The gavels...

Ray Lulling, of Silkstone fame, was better known for his lapidary work.  In the early 50s he fashioned a club gavel with the appearance of a Erswing rock pick.  The hammerhead is Binghamite and the handle is bands of Minnesota minerals.  It is encased in a leather sheath with a Thomsonite button.  The gavel is presented to each incoming president and displayed during the clubs annual banquet.

Following a discussion on the need for a device for calling Midwest Federation meetings to order, William de Neui fashioned a traditional gavel head out of Wyoming jade and inscribed the dates 1940 - 1960, in celebration of the first twenty years of the federation.  A local woodworker fashioned the handle for the gavel. De Neui also made a small case to protect the gavel.  This gavel is also presented to the incoming Midwest Federation president each year.

MAGIC...

Thanks to the dream of one determined man, the Moose Lake Agate and Geological Interpretive Center at Moose Lake State Park is a reality.  Dedicated in 2004, the center is devoted to Lake Superior Agates and minerals of Minnesota.  The club contributed funds toward the showcases in the center and various members lent or donated pieces from their collections.  MMC member Phil Gotsch championed the cause across the state and encouraged local clubs to work together to create MAGIC.

Mineral boxes...

What to do with all those rocks?  During his term as Publicity Chair, Dennis Westman decided that local schools could use our surplus and we could reach potential rockhounds.  With the club's blessing he created fifteen mineral boxes and gave them to local teachers.  Each year, he would make fifteen more boxes and give them to teachers.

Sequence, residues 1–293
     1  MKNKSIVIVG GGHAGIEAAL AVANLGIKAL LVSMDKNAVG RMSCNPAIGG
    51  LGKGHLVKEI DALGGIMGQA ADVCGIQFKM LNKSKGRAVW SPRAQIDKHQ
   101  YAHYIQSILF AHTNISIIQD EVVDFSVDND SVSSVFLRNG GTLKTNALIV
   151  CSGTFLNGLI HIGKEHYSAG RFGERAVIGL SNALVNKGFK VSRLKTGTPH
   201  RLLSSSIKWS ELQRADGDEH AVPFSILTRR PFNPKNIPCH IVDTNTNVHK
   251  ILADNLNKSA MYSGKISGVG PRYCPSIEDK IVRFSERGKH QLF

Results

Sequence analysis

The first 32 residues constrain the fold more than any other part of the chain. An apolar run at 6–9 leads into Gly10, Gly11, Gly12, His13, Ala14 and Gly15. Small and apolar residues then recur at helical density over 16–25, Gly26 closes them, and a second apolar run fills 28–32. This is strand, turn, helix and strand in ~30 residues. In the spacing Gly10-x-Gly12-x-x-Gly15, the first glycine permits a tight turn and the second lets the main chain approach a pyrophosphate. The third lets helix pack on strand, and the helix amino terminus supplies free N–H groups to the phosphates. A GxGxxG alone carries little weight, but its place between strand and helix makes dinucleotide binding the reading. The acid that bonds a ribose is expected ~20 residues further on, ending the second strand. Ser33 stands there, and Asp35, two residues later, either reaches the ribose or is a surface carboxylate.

The Science Museum of Minnesota offered the MMC an opportunity to participate in their Community Based Science Organizations project.  Using the resources provided, the club began expanding the Mineral box idea and is currently working with the Anoka Schools to place general and Minnesota collections in that district.  A club is working with teachers to make the mineral boxes more useful and to help students discover that rocks are fun.

Roadside cleanup...

It somehow seems appropriate for rockhounds to wander down local dirt roads, looking for trash and, perhaps a Laker.  The MMC adopted a dirt road in Hennepin County as a way to contribute to the community while enjoying that which we do well, looking for rocks.

Aggregate Industries Partnership...

If you were a large gravel pit operation looking for a safe way to let your neighbors learn more about what you do and perhaps collect a few rocks, what better partner than a local rock club.  Thanks to the efforts of Jeff Theroux, the MMC partners with Aggregate Industries to host school children and their parents for a day of rockhounding at the pit.  Club members help the young rockhounds identify their finds and stay safe.  Various corporate and club displays explain gavel pit mining and encourage families to join the club.  The annual event is held each fall.

Recent Shows...

The clubs educational exhibits were held yearly up through 1996.  Then, interest waned as reasonably affordable venues became harder to find.  After much urging, the club agreed to host the 2003 Midwest Federation convention, which meant hosting a three day show.  A committee was set up and planning began for Great Lakes, Great Rocks -The Land of 10,000 Lakers.

After a successful 2003 event, the club decided to continue hosting a sales and educational show, featuring the many facets of the rockhounding hobby.  The show committee ensures a mix of local and out of town dealers, as well as presentations, demonstrations, exhibits and an extensive "kid's corner." 


 

Send Inquiries & Comments to Info@minnesotamineralclub.org

 

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Last Updated May 21, 2014